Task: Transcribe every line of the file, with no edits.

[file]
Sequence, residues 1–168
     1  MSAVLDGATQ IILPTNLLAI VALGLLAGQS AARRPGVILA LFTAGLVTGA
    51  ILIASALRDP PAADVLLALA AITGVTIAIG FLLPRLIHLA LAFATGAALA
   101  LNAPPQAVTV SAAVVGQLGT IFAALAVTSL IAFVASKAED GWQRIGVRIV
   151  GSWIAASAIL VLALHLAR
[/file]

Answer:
Sequence, residues 1–168
     1  MSAVLDGATQ IILPTNLLAI VALGLLAGQS AARRPGVILA LFTAGLVTGA
    51  ILIASALRDP PAADVLLALA AITGVTIAIG FLLPRLIHLA LAFATGAALA
   101  LNAPPQAVTV SAAVVGQLGT IFAALAVTSL IAFVASKAED GWQRIGVRIV
   151  GSWIAASAIL VLALHLAR